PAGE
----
The government of the northern Indian state of Uttar Pradesh has been accused of carrying out hundreds of extra-judicial killings. Journalist Sharat Pradhan explores this extraordinary claim.
The regional government said it has conducted 433 “police encounters” in a bid to improve law and order in the state.
An encounter is a popular Indian term for fatal police shootings, most of which appear to be staged.
Rising crime rates in Uttar Pradesh convinced Chief Minister Yogi Adityanath to launch the crackdown, according to officials who spoke to the BBC on the condition of anonymity.
Official statistics say 433 such “killings” had occurred over six months, starting in March 2017 when Mr Adityananth was elected on the back of a massive mandate for India’s right-wing Bharatiya Janata Party (BJP).
A government press release described the “encounters” as an “achievement” and proof of “improvement in the law and order situation”.
But the figure also raised eyebrows, officials admitted.
With a population of more than 222 million, Uttar Pradesh is India’s most populous state and also its most significant politically – it sends 80 MPs to India’s parliament.
In the election run-up, the BJP had promised to curb crime in the state, which many acknowledge as one of its biggest problems. But this has only risen since the BJP came to power in 2014.
There were 3,000 rapes between January and August 2017, compared to 2,376 during the same period in 2016, according to the state’s crime records.
There was a marginal drop in murders, but incidents of rioting and robbery rose substantially. Major crimes, including those against Dalits (formerly untouchables) and women, also went up.
And despite Mr Adityanath’s “anti-Romeo” squads, groups of police officers deputed to tackle sexual harassment in public places, harassment of women increased.
Officials told the BBC that this rattled Mr Adityanath enough that he was fumbling for a solution. He soon realised that platitudes would not improve the deteriorating state of law and order, they said.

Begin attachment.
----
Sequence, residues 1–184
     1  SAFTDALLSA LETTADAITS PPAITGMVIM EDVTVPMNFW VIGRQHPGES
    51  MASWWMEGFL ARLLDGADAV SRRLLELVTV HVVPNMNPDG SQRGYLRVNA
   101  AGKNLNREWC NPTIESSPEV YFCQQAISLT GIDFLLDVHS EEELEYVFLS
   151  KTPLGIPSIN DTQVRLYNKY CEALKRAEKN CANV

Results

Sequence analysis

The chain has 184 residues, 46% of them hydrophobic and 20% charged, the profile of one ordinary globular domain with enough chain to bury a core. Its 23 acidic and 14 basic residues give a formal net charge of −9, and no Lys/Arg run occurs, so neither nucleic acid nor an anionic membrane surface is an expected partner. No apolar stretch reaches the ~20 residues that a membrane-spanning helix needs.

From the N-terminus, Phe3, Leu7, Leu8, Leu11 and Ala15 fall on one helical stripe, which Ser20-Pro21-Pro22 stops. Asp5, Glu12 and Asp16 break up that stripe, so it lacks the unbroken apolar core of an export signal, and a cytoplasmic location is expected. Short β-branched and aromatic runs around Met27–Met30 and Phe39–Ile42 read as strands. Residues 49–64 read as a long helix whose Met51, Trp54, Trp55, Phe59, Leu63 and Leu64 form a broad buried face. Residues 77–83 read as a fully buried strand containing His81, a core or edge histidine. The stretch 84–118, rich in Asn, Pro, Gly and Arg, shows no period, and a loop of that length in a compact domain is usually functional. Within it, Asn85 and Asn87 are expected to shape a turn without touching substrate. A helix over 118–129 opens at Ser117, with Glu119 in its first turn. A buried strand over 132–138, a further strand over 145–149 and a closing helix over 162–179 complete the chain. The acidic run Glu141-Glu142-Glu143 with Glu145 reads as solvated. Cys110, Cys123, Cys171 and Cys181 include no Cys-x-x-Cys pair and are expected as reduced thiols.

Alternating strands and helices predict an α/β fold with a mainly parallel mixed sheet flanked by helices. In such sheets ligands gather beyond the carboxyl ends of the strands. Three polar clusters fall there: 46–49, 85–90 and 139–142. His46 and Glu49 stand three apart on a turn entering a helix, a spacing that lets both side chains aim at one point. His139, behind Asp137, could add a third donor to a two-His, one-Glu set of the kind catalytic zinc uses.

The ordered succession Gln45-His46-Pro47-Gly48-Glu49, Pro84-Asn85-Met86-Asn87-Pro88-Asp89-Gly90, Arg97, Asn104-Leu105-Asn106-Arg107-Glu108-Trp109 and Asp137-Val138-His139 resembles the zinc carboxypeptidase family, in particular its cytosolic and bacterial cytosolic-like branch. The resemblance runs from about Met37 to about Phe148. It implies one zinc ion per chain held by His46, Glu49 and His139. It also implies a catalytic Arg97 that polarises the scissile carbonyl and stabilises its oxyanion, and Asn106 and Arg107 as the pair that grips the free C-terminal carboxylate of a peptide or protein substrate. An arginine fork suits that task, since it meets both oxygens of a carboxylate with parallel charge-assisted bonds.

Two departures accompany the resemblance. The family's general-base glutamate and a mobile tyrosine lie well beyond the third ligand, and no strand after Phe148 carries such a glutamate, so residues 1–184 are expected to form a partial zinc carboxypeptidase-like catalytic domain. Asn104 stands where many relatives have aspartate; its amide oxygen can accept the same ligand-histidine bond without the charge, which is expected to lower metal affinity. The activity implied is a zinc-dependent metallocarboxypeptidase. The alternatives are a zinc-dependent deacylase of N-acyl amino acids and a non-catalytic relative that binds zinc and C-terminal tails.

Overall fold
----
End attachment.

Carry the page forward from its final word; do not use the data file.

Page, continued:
While top officials were still thrashing out a strategy, Mr Adityanath himself thought of a solution that involved “encounters” because he was given to believe that they would lend much-needed credibility to his government.
Mr Adityanath’s predecessor in the early 80s, Vishwanath Pratap Singh, also allegedly oversaw several police killings that targeted bandits. Mr Singh had to eventually step down amid widespread criticism.
Mr Adityanath, 45, is no stranger to controversy. A five-time MP and Hindu priest, he is considered to be one of India’s most divisive politicians. He has been widely condemned for his incendiary speeches against Muslims, especially during election rallies.
But concern over the recent increasing crime rate in Uttar Pradesh had also spread to Delhi, where the BJP-led federal government worried it would impact the party’s performance in the 2019 general election.
Top administrative and police officials contacted by the BBC wondered why the killings had failed to build the government’s credibility.
“Well, encounters only gave some brownie points to the cops, but failed to give any credible testimonial to the government,” observed a young police officer on the condition of anonymity. “In fact, encounters led to undermining the law of the land.”
When Mr Adityanath realised that his government would have to account for as many as 433 dead, officials said, the narrative changed to redefine the word, “encounter”.
They claimed that every instance of an “encounter” did not necessarily refer to a killing.
“The figure is also about police taking on outlaws so many times,” explained a senior police officer. “Only those who challenged the police or tried to run away after opening fire at the cops were gunned down.”
They finally said that only 19 criminals were killed and 89 others were injured in “433 encounters” that took place across the state.
Official records say 98 officers were also wounded, and one killed.
Only time will tell if these official claims will help serve the Uttar Pradesh government’s objective of changing the perception of the prevailing state of law and order.